Moody’s have just reiterated Australia’s triple-A credit rating and in doing so, have slapped down the economic drongos who keep moaning, bleating and foaming at the mouth about Australia’s temporary budget deficit, the Government’s “addition to tax” and record levels of gross debt.
May they shut up and look at the facts. In doing so, they should give some praise for Australia’s economic and fiscal strength that has been built up over the last 30 years.
In reiterating the triple-A assessment, Moody’s note (I have bolded key points):
- “Australia's Aaa ratings are based on the country's very high economic resiliency, very high government financial strength, and very low susceptibility to event risk.”
- “It also demonstrates strong governance indicators. In particular, the framework for fiscal policy is transparent and has, until now, consistently kept government debt at low levels.”
Critical in Moody’s assessment appears to be:
- “The government's debt rating of Aaa takes into account the aim of maintaining a balanced budget, on average, over the business cycle. It is supported by the very low level of public debt and the country's strong financial system. In comparison to most other Aaa-rated countries, Australia's government financial strength is very high, with very low gross debt that is easily affordable and provides a high degree of fiscal flexibility.”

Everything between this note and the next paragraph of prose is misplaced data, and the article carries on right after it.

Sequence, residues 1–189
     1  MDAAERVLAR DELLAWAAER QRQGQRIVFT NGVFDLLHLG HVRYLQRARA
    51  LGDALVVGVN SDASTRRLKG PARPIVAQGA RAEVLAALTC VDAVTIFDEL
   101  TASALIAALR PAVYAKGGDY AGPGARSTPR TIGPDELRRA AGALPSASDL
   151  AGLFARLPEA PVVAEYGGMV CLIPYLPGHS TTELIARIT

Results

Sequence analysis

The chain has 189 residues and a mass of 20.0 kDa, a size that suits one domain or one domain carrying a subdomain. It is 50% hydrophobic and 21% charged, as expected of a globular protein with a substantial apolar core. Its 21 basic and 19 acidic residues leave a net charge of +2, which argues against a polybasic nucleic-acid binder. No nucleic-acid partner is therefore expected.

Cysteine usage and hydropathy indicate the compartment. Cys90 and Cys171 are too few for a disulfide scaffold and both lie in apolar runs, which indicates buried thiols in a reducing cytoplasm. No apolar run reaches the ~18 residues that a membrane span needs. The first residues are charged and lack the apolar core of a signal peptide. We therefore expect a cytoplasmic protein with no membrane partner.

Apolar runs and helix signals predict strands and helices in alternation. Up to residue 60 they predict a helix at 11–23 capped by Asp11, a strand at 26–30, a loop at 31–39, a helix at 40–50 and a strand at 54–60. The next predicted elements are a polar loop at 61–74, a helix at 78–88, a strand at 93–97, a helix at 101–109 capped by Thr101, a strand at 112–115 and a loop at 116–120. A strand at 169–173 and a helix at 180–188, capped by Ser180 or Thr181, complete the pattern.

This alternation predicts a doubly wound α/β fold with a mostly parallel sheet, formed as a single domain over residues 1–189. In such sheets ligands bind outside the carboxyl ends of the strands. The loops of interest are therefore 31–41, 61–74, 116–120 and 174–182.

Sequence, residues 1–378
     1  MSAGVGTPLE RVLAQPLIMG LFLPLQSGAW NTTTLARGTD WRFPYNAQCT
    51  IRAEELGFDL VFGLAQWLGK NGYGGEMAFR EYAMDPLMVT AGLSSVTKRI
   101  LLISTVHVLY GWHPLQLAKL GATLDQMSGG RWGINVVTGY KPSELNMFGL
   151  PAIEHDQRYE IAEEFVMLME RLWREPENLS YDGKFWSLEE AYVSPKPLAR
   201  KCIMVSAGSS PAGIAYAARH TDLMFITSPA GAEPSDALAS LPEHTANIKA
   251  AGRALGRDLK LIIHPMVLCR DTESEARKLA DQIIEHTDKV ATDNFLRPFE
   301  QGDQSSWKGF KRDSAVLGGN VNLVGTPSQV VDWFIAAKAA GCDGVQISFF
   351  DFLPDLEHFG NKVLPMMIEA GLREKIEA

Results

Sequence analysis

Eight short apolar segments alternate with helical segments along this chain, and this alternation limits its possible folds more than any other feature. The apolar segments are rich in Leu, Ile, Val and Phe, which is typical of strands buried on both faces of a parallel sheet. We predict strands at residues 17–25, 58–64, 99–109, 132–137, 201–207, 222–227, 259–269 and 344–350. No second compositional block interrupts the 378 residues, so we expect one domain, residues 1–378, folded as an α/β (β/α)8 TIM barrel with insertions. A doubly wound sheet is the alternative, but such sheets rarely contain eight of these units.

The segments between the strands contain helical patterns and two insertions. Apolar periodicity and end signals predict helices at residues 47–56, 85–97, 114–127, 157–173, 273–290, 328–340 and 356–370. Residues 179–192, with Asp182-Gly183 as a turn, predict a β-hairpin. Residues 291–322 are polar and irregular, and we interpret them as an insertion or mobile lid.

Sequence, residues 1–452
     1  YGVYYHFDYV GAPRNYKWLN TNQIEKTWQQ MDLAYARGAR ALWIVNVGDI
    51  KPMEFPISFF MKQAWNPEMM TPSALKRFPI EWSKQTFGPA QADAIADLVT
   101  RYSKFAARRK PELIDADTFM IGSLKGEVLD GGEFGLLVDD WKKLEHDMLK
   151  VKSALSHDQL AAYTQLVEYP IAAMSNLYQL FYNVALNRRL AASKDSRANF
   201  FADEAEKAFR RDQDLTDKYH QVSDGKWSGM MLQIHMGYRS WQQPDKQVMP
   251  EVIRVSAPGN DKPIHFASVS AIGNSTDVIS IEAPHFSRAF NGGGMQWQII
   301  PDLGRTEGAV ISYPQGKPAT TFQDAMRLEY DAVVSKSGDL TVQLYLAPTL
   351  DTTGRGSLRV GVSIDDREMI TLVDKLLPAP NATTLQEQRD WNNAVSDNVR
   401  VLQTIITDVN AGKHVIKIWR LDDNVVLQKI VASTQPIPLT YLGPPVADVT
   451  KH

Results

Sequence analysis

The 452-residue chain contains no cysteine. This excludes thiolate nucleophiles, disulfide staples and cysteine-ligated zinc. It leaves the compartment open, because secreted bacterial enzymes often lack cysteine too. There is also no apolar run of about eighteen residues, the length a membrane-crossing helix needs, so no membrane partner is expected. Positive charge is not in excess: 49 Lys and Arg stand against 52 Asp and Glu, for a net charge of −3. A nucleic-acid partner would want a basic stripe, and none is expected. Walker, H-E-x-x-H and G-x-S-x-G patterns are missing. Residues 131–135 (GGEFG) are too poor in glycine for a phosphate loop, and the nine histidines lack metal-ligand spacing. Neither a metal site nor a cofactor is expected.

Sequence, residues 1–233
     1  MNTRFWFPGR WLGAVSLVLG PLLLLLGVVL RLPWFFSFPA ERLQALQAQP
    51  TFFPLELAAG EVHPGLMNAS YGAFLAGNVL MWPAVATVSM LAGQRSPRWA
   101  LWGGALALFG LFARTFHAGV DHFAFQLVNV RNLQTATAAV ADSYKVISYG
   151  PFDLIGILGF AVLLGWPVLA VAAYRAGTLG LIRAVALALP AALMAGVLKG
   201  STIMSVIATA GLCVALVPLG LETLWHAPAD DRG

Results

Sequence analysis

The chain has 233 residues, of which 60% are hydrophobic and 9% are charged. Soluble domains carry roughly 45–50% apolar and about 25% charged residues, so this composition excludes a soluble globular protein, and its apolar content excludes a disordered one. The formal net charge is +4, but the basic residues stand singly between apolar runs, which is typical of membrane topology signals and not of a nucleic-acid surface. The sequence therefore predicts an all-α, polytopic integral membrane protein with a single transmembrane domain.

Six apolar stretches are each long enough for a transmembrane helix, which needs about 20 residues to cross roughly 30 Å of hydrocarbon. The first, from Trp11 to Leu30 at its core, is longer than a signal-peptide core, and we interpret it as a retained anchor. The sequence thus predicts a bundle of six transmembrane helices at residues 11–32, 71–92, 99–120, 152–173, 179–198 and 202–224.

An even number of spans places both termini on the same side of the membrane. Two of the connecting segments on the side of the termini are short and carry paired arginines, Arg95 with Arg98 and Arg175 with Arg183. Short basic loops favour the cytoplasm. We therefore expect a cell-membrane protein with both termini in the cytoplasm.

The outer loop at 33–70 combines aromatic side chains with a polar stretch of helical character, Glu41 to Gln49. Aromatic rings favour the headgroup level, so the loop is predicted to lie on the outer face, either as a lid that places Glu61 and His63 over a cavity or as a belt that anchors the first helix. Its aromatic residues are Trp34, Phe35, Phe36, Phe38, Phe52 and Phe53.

In terms of the outlook, Moody’s note:
- “The stable ratings outlook is premised on the expectations that the government will maintain its low debt levels and macroeconomic conditions will continue to support fiscal consolidation.”
It’s clear from the comment on negative risks to the outlook, the Moody’s were struggling to find one. It noted:
- “Any trend or event that caused a long-term shift in budget balances to significant deficits and an increasing public debt burden might put downward pressure on the rating. Such trends could include, for example, fiscal costs associated with an aging population. However, since the government has been proactive in addressing this issue through its superannuation policies and proposed reforms to healthcare schemes, Moody's does not anticipate sustained fiscal deterioration over the rating horizon.”
Australians should be delighted and proud with such a glowing report card on the economy. Well done to Treasury, the RBA, Government and the regulators in locking in this World-Best report card on the Australian economy.
For the full report, go to: